Today marks the 13th anniversary of the first-ever National Braille Challenge. The National Braille Challenge is a unique academic competition created to encourage blind children to learn Braille, the written alphabet used by the blind. The competition tests students’ skills in various language arts subjects, and is open to students from the U.S. and Canada.
Blind by the age of three, Louis Braille modified a military code of raised dots and dashes into a working alphabet that blind people could read with their fingertips. In 1829, the Braille system was born, consisting of a six-dot cell for each letter.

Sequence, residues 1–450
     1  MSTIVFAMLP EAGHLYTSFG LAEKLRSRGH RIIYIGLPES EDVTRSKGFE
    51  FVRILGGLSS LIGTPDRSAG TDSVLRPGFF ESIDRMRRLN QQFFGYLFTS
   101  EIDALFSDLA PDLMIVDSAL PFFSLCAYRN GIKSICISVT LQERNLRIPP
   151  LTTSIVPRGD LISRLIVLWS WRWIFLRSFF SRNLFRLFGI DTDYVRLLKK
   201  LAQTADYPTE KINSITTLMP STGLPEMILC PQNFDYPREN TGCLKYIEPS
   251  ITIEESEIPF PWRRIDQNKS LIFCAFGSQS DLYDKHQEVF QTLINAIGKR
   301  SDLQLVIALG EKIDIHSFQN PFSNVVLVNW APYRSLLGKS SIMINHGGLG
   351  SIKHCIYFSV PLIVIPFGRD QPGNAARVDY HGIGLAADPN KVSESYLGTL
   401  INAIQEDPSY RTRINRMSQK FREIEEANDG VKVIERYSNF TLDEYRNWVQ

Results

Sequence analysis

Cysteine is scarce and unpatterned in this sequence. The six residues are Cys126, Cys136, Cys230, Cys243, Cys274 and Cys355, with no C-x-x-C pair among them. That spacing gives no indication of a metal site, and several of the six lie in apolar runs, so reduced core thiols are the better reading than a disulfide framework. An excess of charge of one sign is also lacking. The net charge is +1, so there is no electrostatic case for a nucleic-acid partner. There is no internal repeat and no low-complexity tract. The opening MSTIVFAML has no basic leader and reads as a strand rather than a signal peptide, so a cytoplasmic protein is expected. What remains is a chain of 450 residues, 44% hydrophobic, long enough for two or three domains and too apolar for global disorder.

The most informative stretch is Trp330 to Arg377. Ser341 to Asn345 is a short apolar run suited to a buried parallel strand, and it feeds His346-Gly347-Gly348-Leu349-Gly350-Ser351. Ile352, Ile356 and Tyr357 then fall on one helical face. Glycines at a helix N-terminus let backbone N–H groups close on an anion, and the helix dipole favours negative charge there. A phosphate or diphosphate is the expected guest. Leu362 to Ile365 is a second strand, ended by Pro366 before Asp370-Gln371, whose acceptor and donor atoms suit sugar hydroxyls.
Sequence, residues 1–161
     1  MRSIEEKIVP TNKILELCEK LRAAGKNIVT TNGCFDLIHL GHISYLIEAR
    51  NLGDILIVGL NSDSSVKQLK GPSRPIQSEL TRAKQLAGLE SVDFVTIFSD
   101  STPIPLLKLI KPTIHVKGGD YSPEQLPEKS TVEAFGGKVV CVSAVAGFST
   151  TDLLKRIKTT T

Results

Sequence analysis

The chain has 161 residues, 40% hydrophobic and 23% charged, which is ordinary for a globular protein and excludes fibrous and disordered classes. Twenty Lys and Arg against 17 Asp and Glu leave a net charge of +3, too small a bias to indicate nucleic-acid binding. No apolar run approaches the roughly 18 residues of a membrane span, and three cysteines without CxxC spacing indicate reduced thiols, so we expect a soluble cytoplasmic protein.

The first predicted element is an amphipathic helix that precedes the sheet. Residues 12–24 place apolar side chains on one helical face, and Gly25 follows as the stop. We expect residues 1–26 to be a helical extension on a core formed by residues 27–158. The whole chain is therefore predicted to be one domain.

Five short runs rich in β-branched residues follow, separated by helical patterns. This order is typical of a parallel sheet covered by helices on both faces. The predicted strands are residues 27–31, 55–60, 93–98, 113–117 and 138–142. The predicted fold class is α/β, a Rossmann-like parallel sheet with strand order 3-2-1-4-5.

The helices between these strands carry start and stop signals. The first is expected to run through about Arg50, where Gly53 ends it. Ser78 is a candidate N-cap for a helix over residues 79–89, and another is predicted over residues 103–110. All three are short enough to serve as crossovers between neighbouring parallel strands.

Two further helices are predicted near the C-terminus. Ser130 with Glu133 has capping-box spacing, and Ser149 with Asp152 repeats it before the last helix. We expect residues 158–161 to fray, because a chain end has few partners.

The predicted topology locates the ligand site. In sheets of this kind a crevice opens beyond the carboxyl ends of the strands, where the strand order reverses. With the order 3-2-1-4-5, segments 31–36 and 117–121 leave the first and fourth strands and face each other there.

Initially, people had to emboss each dot of each letter by hand using an awl and a special frame.
Now, special typewriters called Braillers are available and can emboss Braille cells onto paper in much the same way a standard typewriter would use ink to make letters. A Braille typewriter is much more space-efficient though; it only needs seven keys!
Braillers aren’t the only machines that can print raised symbols onto paper. In Japan, paper money has similar raised marks so people can tell how much a bill is worth even if they can’t see it.
Much like visual readers, Braille readers can start learning to use the alphabet with big bright letters before they move on to smaller letters. Even young kids can start training for the National Braille Challenge!
An alphabet that opens up the world of literature, and a contest to inspire those who use it? Super cool.